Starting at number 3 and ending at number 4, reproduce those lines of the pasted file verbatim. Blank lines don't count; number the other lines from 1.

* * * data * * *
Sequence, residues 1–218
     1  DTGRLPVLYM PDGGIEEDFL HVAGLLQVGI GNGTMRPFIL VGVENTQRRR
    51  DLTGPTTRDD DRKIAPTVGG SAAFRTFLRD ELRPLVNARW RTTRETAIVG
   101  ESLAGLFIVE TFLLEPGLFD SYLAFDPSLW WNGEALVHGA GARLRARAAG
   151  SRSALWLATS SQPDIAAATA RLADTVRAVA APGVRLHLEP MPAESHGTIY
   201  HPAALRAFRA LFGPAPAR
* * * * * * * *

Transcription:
    51  DLTGPTTRDD DRKIAPTVGG SAAFRTFLRD ELRPLVNARW RTTRETAIVG
   101  ESLAGLFIVE TFLLEPGLFD SYLAFDPSLW WNGEALVHGA GARLRARAAG